A third type, i.e. the Combination Smoke Detectors use both the above technologies – ionization and Photoelectric. These are more effective in raising an alarm in case of both smouldering type and fast raging fires.

Other types of Smoke Detectors include Auto-aligning optical beam smoke detectors and Heat alarms.

Auto-aligning optical beam smoke detectors can self-align in less than a minute. These are the latest type of smoke detectors which are much more intelligent and efficient. It consists of laser-assisted infrared optical beam smoke detector which are generally employed to protect large commercial and public places like shopping malls, theaters, stadiums with lofty ceilings and condensation issues in their infrastructure.

Heat alarms can detect an increase in the temperature probably caused by the occurrence of fire. They are however unresponsive to smoke. They are usually installed in a garage, kitchen or a dusty room.

Smoke Alarm Research

Some key features and facts that The National Institute of Standards and Technology (NIST) has proposed in their focused research into smoke alarm performance are as follows

  • Now, 96% of all houses in the United States have smoke alarms installed.
  • Unfortunately, 20% of homes which have installed alarms are not able to use them i.e. they are disabled.
  • If every home had a smoke alarm which is functional, residential deaths due to fire could drop by 36% in the United States.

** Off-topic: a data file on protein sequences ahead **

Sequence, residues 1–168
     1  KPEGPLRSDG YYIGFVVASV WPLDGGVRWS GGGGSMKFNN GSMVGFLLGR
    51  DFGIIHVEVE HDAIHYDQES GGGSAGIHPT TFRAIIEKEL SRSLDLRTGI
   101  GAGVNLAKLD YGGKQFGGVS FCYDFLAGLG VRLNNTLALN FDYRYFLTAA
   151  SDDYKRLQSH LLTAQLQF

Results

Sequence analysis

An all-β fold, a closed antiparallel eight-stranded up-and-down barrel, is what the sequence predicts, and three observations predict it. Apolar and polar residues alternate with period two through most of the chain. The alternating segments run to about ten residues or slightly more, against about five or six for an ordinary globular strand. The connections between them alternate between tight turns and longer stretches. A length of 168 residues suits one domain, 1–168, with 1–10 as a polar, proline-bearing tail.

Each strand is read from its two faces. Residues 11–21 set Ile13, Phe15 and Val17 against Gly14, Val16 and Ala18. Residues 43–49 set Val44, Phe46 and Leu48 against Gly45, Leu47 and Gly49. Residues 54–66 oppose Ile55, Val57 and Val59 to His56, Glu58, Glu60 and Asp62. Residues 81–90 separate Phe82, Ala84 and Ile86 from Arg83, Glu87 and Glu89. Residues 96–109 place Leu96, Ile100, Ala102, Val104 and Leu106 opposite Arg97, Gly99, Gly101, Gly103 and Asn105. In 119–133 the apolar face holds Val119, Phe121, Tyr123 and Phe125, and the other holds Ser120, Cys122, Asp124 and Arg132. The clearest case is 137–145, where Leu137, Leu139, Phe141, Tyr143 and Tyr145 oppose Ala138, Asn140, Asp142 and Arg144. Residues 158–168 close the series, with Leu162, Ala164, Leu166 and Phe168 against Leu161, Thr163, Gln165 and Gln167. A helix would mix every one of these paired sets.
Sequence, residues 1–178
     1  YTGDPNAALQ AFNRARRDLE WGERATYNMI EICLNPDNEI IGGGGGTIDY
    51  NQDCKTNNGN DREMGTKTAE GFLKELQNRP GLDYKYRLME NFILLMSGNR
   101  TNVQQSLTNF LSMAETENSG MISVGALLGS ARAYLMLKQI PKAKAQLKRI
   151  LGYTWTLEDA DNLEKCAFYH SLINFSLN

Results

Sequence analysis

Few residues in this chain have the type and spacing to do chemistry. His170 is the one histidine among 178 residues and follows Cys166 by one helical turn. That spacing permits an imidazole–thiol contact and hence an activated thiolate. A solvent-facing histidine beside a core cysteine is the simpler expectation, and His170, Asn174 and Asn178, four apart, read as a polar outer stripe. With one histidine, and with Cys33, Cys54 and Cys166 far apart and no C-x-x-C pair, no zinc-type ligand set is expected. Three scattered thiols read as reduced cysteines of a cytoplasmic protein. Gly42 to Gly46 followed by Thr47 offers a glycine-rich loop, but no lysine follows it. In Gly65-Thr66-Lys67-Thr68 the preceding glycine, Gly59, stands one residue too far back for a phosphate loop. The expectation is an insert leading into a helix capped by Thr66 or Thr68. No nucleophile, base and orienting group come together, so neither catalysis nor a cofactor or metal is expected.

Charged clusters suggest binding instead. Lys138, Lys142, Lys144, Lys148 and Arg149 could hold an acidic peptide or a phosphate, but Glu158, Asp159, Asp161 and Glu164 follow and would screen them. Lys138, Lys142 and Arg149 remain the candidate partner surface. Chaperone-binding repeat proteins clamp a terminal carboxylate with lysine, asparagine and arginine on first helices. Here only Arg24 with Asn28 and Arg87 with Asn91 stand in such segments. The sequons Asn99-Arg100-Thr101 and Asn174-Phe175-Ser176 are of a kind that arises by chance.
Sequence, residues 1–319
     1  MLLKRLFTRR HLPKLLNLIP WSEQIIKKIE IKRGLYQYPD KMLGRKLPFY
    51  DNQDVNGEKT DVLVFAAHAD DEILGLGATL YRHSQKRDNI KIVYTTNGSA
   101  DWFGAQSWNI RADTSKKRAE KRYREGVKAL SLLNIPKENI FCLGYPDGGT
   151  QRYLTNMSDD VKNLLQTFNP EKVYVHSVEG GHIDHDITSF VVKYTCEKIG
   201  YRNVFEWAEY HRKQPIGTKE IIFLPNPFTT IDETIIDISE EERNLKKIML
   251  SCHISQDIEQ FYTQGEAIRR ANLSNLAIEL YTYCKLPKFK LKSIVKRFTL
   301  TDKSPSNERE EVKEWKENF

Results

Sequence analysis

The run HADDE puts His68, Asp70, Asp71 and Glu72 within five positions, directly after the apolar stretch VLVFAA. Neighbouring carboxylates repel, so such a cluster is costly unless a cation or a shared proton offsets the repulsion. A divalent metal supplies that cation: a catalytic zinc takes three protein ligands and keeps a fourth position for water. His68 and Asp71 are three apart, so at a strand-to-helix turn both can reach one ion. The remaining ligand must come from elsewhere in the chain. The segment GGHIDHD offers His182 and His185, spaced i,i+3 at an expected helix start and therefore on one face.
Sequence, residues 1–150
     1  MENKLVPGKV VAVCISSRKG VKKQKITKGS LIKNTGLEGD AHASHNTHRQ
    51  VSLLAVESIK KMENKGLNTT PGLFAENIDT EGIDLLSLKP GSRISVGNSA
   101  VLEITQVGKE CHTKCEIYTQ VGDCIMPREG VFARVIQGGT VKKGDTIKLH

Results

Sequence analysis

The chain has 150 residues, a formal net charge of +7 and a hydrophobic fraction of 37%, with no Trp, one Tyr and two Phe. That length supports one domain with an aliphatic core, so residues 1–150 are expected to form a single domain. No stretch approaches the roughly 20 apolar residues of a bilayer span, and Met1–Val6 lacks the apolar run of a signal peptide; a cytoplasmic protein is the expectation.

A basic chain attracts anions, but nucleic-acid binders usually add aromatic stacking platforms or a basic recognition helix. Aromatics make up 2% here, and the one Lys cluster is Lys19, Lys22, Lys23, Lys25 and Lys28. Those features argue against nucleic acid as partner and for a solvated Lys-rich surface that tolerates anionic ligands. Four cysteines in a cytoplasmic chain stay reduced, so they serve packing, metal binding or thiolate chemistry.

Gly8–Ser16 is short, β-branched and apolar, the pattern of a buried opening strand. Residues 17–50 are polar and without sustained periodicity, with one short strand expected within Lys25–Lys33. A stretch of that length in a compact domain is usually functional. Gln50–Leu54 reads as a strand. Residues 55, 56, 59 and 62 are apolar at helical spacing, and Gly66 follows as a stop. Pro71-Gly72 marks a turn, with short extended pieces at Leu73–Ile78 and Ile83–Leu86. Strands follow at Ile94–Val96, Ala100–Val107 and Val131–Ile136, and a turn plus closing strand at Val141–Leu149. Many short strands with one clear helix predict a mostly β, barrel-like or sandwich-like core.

There can be certain guidelines which define the installation procedure of Smoke alarm Detectors. “The Planning and Implementing a Successful Smoke Alarm installation program” is a complete installation guide.

  • The choice of Smoke Alarm should be such that it has a label of a certified testing laboratory.
  • Smoke alarms in the basement should be installed in the ceiling at the bottom of the stairs which leads to next level.
  • In case of domestic alarms in kitchen it should be installed at least 10 feet away from the cooktop to reduce the chances of any false alarm.
  • Smoke alarms should always be mounted on a high-rise level to detect the smoke correctly as smoke always rises up.
  • Avoid installing smoke alarms near the window, doors or ducts where the operation of the smoke alarms could be interfered.
  • Smoke alarms should never be painted. Stickers or any decorations can also hinder the performance of a smoke alarm.
  • For best performance all smoke alarms should be interconnected such that if one alarm triggers all the alarms sound. Interconnection can be done wirelessly or it can be wired.
  • Interconnected alarms should be compatible i.e. all the alarms should be from the same manufacturer. If they are not compatible all of them might not ring.
  • After the Smoke alarms are installed, it should be periodically monitored and tested as per as manufacturer’s guidelines.
  • Installed smoke alarms should be checked for low battery and should be changed immediately if the battery gets low.

Interconnected Smoke Alarm Systems improve the safety level to a great extent. Hence one should try to have a system of alarms which are interconnected and all the alarms in this system are interconnected.

Author

Anupama kumari
M.Tech (VLSI Design and Embedded system)
BS Abdur Rahman University